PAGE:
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­­­Adenovirus, Cryptosporidium, Coxsackie Virus, You-Name-It Pathogen, Here We Come

3/10/2009 7:52:00 AM

In Newmark’s new Level II Disinfection Research Laboratory, researchers will take on the world’s biggest threats to safe drinking water         

By Joyce Mast

Water is life; without it we die.  If water is contaminated, we may get sick—or die. Population and industrial growth, global warming, and climate change stress the world’s water supply and increasingly necessitate quicker re-use. Re-use requires the careful control of human pathogens such as Adenovirus, Cryptosporidium, Coxsackie virus, and others that may emerge in the future. The new Level II Disinfection Research Laboratory in CEE will allow researchers to safely study pathogenic viruses and their human host cells to establish data describing how viruses are inactivated by disinfectants, thus providing a technological key to world-wide drinking water sanitation.

Professor Benito Mariñas, a champion of safe drinking water, conceived of reclaiming the area formerly occupied by the cooling towers on the roof of Newmark Civil Engineering Laboratory to create a biological-safety Level II laboratory. Level II is a federal designation specifying the type of pathogens allowed (in this case, primarily opportunistic pathogens—or those that can make you sick but are not dangerous unless your immune system is already compromised), as well as space (must be non-circulating—only one door), equipment, and safety training regulations. The new disinfection lab with “cold room” and microscopy suite occupies 1,700 square feet including a mechanical equipment room, and there is approximately 2,800 square feet of unfinished space for future labs and/or student offices. Funded by the Civil and Environmental Engineering (CEE) department, the College of Engineering, the National Science Foundation through the WaterCAMPWS (Center of Advanced Materials for the Purification of Water with Systems), and the Provost’s office, construction began in May. Completion is expected by the end of 2008.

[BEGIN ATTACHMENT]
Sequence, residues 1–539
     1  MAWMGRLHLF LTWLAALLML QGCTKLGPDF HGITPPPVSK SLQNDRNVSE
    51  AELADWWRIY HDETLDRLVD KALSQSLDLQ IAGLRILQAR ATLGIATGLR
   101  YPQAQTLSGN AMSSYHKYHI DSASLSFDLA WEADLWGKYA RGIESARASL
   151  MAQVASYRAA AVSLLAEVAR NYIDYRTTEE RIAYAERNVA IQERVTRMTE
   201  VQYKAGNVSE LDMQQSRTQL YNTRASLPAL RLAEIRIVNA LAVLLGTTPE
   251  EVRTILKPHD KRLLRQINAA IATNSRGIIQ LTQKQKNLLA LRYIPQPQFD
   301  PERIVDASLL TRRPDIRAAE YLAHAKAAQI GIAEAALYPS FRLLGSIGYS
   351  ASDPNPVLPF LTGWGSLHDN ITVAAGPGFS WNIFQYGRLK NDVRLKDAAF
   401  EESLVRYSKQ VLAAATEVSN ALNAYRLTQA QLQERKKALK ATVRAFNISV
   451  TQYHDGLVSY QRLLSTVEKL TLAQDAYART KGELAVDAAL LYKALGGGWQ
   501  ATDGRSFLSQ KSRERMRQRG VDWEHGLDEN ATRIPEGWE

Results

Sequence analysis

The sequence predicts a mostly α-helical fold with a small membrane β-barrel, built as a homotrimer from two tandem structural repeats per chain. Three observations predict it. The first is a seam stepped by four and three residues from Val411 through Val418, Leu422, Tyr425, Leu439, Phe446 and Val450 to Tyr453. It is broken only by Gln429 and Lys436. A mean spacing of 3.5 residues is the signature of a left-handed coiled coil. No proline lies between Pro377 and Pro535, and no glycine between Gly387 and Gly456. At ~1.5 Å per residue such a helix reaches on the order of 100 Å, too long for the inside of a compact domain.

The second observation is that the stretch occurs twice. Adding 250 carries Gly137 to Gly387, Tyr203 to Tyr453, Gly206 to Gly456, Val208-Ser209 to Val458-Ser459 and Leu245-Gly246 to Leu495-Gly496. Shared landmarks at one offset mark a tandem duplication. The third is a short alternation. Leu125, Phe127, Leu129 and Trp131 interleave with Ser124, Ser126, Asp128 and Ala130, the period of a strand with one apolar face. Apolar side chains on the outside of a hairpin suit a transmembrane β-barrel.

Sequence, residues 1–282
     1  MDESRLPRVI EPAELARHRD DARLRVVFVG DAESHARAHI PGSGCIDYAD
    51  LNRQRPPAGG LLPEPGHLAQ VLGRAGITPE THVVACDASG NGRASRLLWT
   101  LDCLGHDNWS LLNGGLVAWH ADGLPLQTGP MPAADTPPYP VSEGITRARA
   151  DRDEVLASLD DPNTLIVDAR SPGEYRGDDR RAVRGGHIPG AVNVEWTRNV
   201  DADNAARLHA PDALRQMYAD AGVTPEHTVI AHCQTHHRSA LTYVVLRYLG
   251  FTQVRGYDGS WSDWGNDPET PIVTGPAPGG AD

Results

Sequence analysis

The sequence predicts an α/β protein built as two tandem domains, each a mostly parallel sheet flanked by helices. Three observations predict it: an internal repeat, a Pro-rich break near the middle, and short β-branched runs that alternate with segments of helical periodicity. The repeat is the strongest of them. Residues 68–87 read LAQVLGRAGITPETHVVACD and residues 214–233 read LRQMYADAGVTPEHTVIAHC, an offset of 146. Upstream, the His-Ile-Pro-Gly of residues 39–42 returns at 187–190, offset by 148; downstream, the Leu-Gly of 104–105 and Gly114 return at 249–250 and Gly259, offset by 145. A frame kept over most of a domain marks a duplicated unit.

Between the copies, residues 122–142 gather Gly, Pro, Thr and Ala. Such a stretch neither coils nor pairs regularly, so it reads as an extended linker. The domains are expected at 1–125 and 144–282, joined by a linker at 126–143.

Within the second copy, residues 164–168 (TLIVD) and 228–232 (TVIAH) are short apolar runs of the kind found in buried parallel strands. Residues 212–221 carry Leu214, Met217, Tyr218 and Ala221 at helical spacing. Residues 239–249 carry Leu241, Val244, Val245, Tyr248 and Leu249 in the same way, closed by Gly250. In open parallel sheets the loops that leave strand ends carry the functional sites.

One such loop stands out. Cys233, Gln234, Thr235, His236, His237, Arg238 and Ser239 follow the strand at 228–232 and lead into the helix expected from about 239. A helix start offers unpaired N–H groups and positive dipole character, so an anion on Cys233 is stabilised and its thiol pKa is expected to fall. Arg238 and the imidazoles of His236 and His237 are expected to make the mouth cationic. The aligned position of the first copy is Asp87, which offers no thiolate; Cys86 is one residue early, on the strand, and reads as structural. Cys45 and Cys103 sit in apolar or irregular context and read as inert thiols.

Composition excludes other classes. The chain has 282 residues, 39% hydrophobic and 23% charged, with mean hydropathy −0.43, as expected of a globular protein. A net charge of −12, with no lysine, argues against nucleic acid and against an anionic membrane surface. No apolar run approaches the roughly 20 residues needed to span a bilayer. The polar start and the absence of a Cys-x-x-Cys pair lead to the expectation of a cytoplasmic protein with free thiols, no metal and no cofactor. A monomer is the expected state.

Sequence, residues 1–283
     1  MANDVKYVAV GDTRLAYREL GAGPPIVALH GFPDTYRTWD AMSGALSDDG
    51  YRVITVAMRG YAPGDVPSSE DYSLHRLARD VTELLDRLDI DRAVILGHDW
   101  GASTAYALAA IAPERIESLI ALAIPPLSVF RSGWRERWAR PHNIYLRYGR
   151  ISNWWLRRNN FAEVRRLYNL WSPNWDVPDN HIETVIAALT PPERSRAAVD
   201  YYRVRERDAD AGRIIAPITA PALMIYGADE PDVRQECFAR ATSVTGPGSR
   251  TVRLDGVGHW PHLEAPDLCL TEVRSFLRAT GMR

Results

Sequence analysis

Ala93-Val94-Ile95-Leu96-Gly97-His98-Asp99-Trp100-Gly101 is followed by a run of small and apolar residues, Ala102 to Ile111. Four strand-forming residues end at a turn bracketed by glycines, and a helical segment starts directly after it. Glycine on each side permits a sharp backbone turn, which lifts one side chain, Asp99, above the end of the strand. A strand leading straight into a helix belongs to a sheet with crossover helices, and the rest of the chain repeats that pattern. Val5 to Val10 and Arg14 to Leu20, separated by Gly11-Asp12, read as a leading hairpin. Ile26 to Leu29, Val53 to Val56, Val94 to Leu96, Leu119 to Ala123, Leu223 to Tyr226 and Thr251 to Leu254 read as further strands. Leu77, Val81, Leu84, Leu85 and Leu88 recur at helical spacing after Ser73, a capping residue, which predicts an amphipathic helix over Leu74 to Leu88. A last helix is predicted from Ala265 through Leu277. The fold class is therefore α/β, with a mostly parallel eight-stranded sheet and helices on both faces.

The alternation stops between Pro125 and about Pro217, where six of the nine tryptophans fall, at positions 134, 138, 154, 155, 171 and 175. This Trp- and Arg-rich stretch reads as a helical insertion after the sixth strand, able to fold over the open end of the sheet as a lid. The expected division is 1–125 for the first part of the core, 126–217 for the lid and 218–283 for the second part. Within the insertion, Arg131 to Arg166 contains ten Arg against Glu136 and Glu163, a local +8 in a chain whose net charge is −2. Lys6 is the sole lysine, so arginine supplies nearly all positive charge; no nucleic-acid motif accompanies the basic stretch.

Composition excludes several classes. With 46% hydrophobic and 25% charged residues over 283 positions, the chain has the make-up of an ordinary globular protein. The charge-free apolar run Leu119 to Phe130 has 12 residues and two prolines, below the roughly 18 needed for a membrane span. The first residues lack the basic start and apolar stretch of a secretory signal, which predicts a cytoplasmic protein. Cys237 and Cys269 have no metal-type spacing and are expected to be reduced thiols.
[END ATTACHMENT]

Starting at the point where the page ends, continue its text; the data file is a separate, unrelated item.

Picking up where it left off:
Currently, only one student can work at any given time in the very cramped space of the old two-person Level II lab. In the new lab, with its increased safety features, this stringent certification process will allow up to eight properly trained students to work simultaneously in a more open space. Pairs of students studying the same virus will share one of four bio-safety hoods/workstations equipped with laminar air flow filtration system and  ultraviolet (UV) lamps to prevent contamination of the students and their equipment.  After use, the hoods are closed and UV-irradiated to sterilize the work area. Human cells and highly concentrated virus stocks can be manipulated safely in the bio-safety cabinets. Each workstation will be equipped with its own incubators and pH meters to minimize cross-contamination. The lab also contains a water tank to allow high-flow experiments with bench-scale UV reactors or ozone contactors. A solar simulator system that can mimic sunlight in different regions or at different times of day will also be used in the lab.
How does the new lab fit into the grand scheme of water disinfection? Water scarcity dictates re-use. Direct re-use—toilet-to-tap—is technically possible and potentially safe but not yet socially acceptable. Currently in the US, water is indirectly re-used, for example in Minneapolis and St. Louis, where treated wastewater is discharged into a river and then re-used downstream as part of the water source for a drinking water treatment plant.  In California, where there is more demand than water, new treatment strategies are needed to shorten the gap between wastewater and drinking water.  The most urgent concern is pathogens from human, agricultural and even wild animal wastes. These pathogens must be removed and/or inactivated by the re-use treatment processes.